Mud has not stuck to Dan Coats, who seems ready to regain his U.S. Senate seat from Indiana.
Indirectly, Coats also has taken out Indiana's star Democrat, Evan Bayh, and likely will deal a big setback to U.S. Rep. Brad Ellsworth, who was handpicked by Bayh to be his heir apparent.
It may depend on his margin of loss, but Ellsworth's otherwise bright future in Indiana politics will be dimmed by this campaign.
Politically, Coats has scored twice on the Democrats, jumping into the Senate race in January and likely contributing to Bayh's subsequent decision not to seek a third term.
Coats also has survived a Democratic Party attempt to frame him as a fat-cat lobbyist. Sometimes that kind of negative campaigning works, and the Bayh team tried it as soon as Coats announced his challenge last winter. But the real Coats story was different.
While in the Senate he was a leading advocate of tackling social problems with private-sector remedies. He cited an example in the campaign: As president of Big Brothers Big Sisters of America, he worked with Prison Fellowship to find 35,000 mentors for children with parents in prison. "There's a limit to what government can do," he said in an interview.
His initiatives as a senator during the 1990s helped prompt then-Texas Gov. George W. Bush to call for public-private partnerships for social problems, which became part of the Bush presidency.
It's been hard for Democrats to frame Coats as the bad guy because he has been such a decent guy. He's been married to his wife, Marsha, for 45 years. He's been a friend to Democrats and practices civility instead of talking about it.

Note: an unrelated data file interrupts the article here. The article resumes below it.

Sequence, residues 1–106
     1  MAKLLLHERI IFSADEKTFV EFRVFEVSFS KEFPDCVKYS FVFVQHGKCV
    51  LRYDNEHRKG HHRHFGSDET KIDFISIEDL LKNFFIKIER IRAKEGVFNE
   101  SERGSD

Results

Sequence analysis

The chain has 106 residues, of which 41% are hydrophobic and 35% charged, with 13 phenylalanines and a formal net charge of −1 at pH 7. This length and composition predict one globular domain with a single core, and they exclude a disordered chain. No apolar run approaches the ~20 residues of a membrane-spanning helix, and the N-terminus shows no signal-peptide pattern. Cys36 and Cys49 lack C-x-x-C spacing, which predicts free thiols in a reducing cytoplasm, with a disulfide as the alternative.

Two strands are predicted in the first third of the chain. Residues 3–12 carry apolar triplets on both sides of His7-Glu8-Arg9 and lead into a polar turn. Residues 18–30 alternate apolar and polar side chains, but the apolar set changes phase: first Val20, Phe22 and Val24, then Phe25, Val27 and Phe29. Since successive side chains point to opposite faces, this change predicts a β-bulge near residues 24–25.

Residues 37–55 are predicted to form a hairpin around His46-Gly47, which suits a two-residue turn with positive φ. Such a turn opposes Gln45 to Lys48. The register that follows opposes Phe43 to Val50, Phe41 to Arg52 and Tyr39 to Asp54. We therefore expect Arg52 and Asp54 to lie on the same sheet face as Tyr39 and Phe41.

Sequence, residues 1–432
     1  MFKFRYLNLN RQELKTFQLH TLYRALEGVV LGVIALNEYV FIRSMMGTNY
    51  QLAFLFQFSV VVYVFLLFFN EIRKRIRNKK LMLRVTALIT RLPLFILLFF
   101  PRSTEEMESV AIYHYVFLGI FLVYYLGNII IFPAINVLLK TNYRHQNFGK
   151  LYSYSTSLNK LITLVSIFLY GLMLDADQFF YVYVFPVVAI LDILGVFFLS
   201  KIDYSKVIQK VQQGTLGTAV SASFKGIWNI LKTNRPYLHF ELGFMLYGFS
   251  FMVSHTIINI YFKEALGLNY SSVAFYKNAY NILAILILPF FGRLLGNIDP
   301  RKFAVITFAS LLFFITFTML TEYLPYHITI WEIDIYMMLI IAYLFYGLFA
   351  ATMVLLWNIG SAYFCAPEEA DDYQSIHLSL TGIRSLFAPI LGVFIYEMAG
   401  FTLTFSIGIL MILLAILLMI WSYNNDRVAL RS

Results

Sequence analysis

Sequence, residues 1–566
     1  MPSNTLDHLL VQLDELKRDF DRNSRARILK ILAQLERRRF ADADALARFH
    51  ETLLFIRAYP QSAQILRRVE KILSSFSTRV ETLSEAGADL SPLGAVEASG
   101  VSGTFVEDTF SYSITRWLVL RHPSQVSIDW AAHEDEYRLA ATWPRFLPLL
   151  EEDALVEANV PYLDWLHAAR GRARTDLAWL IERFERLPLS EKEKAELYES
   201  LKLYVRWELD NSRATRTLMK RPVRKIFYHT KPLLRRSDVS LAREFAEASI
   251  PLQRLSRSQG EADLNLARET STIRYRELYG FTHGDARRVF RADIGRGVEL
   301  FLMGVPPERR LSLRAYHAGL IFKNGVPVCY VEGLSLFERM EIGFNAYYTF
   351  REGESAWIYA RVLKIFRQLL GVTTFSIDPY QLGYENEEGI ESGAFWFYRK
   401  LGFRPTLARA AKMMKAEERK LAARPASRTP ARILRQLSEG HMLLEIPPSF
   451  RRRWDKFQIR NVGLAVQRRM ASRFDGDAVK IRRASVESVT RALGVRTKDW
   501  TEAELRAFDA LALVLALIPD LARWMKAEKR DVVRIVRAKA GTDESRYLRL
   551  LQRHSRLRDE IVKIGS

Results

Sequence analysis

Ellsworth, oddly enough, has professed ignorance about Coats. In response to a question in an interview about good qualities in his opponent, he said, "I don't know him that well. I don't know his personal makeup."
At one level, Ellsworth is the most attractive young Democrat in Indiana, a potential successor to Bayh as the party's leader. Bayh brought the Democrats out of the wilderness of a Republican-dominated state in 1988, winning the first of two terms as governor. Then he won the Senate seat that Coats had held, again for two terms. He tried to run for president in 2008 as a moderate Democrat but could not get enough support in the race against Barack Obama and Hillary Clinton. He hoped to give Ellsworth a boost by deciding to not seek a third term in the Senate, calling on state party leaders to name Ellsworth the nominee.
Ellsworth looked like the right kind of Democrat for Indiana. He's been a sheriff in southern Indiana. He is more conservative than his national party and has the National Rifle Association's endorsement. He's a pleasant person. Like when Mr. Smith went to Washington, he has an almost naïve approach, as in, "Shucks, let's just do what's right."
Yet that innocence can be a weakness. He says when he went to Congress after winning in 2006, he "didn't know who Nancy Pelosi was. I didn't know who Steny Hoyer was. My running for office wasn't about making a majority."
If he didn't bone up on who they were, it's no wonder they were able to get him to do their bidding on key issues.
Ellsworth seems to be the right Democrat who came into a statewide Indiana race at the wrong time. He can't abandon his national party or his leaders in Congress and has to defend his vote for the stimulus bill and national healthcare.
It's hard to do that in Indiana these days and at the same time paint Dan Coats as a villain.